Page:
1. Brierwood 01/23/2019

      Thank you so much for your encouraging words! Originally had planned a grass center with just beds along the edges inside the fence but we finished building in November and builder requires landscaping be done in three months. And it rained and rained and rained! The entire side garden had three inches of standing water. So no lawn, raised beds and cobblestone walkways! And not shown in the photos, the 65’ fence along the far side that required a short retaining wall! Originally thought the entire yard both side and back side would be level..After final grading we saw the need to become very creative! 😳 So used rock placed on a 45 degree angle, filled the spaces with left over dirt, we had a lot, and planted creeping thyme with different sedums. When given lemons we made lots of lemonade and the result is awesome!

  7. LauraJaneS 01/23/2019

    What a lovely garden you have created. Do you cut the flowers for use inside? Brava! What a delight for you and the butterflies.

    1. Brierwood 01/23/2019

      Thank you but no I don’t cut flowers to bring inside. We put big windows that face the garden so we can enjoy them from inside whether in the dining area or living room. And yess we have thousands of bees and butterflies!😊

  8. arboretum 01/23/2019

    gail, what a treat, in so many ways. i love it that you have faced major challenges (I'll say! like-- having to rethink your design plans that had been developed over a long period) while keeping an attractive pantry of choices.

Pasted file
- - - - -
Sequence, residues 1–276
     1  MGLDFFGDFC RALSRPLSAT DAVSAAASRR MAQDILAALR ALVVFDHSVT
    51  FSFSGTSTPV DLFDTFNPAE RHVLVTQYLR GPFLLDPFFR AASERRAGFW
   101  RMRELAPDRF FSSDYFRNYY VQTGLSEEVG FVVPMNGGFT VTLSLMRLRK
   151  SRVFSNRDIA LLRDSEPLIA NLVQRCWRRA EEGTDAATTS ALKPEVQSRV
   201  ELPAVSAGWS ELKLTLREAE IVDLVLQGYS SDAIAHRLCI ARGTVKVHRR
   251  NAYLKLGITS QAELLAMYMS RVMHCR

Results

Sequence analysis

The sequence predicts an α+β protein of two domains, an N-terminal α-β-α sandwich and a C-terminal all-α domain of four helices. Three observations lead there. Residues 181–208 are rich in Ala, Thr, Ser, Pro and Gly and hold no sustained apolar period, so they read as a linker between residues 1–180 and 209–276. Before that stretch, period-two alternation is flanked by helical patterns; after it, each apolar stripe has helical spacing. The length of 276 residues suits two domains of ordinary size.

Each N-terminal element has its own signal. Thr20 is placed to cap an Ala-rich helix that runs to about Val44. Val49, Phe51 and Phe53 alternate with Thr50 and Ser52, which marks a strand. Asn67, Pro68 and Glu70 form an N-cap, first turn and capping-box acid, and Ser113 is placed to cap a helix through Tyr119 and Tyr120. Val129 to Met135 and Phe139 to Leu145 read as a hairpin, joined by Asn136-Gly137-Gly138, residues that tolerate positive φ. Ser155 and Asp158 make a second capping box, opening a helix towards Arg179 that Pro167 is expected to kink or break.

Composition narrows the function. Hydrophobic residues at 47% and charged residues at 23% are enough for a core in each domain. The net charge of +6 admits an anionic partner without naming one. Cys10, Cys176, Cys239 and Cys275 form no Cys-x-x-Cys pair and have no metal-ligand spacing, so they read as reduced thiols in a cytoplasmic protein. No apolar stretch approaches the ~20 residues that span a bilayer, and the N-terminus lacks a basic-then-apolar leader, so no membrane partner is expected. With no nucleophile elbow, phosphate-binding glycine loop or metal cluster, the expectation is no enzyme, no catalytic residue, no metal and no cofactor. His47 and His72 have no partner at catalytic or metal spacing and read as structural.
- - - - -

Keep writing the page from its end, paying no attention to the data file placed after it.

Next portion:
i do have some suggestions to mill around in that creative hopper of yours ! when I look at the 'plant pantry' shown in the photos, I feel calling to me some important but missing elements:
    -- yellow foliage, blue foliage, purple foliage, and variegated foliage -- vertically shaped , relatively tidy and compact, like pencils or candle flames, that will be anchors for 3 to 4 seasons, and stand above the relative height sameness of the current pantry. (The scattered and one- season verticals there now, i.e. digitalis and cimicifuga , will fit in better if seen with permanent verticals.) Specific suggestions: various 4-5 foot ornamental grasses; shrubs like ilex columnaris and berberis helmond's pillar, and many conifers. [Aside from my being a foliage and conifer freak], you are fortunate enough to live in
    Conifer Heaven, and incorporating conifers into your gardens- will tie your gardens to their larger world beyond the fence. And grasses and conifers are important foundation plants that help the built environment to visually merge with its natural surroundings.

    --your color sensitivity is admirable//no gross combinations!,
    but try to welcome the pairing of swaths of pink roses, for instance, with adjacent purple or beet red foliage, a win-win
    for both plants; the sum being greater than each of its parts.
    Also consider more same-plant swaths instead of individual specimens.

    congratulations on all your success! and thx so much for sharing all this--
    mindy

    1. Brierwood 01/23/2019